A survey of substance use for cognitive enhancement by university students in the Netherlands

K.J. Schelle, B.M.J. Olthof, W. Reintjes, C. Bundt, J. Gusman-Vermeer, A.C.C.M. van Mil

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    Abstract

    Background: Pharmacological cognitive enhancement, using chemicals to change cellular processes in the brain in order to enhance one's cognitive capacities, is an often discussed phenomenon. The prevalence among Dutch university students is unknown.

    Methods: The study set out to achieve the following goals: (1) give an overview of different methods in order to assess the prevalence of use of prescription, illicit and lifestyle drugs for cognitive enhancement (2) investigate whether polydrug use and stress have a relationship with cognitive enhancement substance use (3) assessing opinions about cognitive enhancement prescription drug use. A nationwide survey was conducted among 1572 student respondents of all government supported Dutch universities.

    Results: The most detailed level of analysis—use of specific substances without a prescription and with the intention of cognitive enhancement—shows that prescription drugs, illicit drugs and lifestyle drugs are respectively used by 1.7, 1.3, and 45.6% of the sample. The use of prescription drugs and illicit drugs is low compared to other countries. We have found evidence of polydrug use in relation to cognitive enhancement. A relation between stress and the use of lifestyle drugs for cognitive enhancement was observed. We report the findings of several operationalizations of cognitive enhancement drug use to enable comparison with a wider variety of previous and upcoming research.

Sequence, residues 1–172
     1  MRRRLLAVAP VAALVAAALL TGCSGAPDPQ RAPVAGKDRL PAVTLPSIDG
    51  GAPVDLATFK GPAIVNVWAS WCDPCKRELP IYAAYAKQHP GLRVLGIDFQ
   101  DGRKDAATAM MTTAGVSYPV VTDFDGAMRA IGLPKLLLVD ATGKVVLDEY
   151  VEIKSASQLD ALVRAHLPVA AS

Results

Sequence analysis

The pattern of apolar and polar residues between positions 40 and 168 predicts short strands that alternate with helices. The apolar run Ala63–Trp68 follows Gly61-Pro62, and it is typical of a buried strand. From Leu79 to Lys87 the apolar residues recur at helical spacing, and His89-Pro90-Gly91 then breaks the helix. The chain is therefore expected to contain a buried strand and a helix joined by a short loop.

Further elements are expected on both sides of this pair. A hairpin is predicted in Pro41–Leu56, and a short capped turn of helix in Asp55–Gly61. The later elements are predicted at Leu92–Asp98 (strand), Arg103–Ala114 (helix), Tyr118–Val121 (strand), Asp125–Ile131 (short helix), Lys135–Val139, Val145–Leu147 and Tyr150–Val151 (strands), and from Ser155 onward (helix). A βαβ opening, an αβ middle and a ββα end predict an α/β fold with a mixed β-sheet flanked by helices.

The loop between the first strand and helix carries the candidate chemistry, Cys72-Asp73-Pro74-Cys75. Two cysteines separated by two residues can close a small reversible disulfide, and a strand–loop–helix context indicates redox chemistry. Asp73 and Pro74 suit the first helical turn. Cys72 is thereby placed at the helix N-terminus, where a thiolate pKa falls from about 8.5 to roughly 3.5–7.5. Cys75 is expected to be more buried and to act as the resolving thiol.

Conclusions: Results of this first study among university students in the Netherlands revealed a low prevalence of cognitive enhancement drug use compared to other countries. Multiple explanations, such as a difference in awareness of pharmacological cognitive enhancement among students, accessibility of drugs in the student population and inclusion criteria of enhancement substances are discussed. We urge enhancement researchers to take the different operationalizations and their effects on the prevalence numbers into account.
    Original languageEnglish
    Article number10
    Pages (from-to)1-11
    JournalFrontiers in Systems Neuroscience
    Volume9
    DOIs
    Publication statusPublished - 17 Feb 2015

    Keywords

    • cognitive enhancement
    • neuroenhancement
    • smart drugs
    • prescription stimulants
    • non-medical use
    • illicit drugs
    • lifestyle drugs
    • self-report

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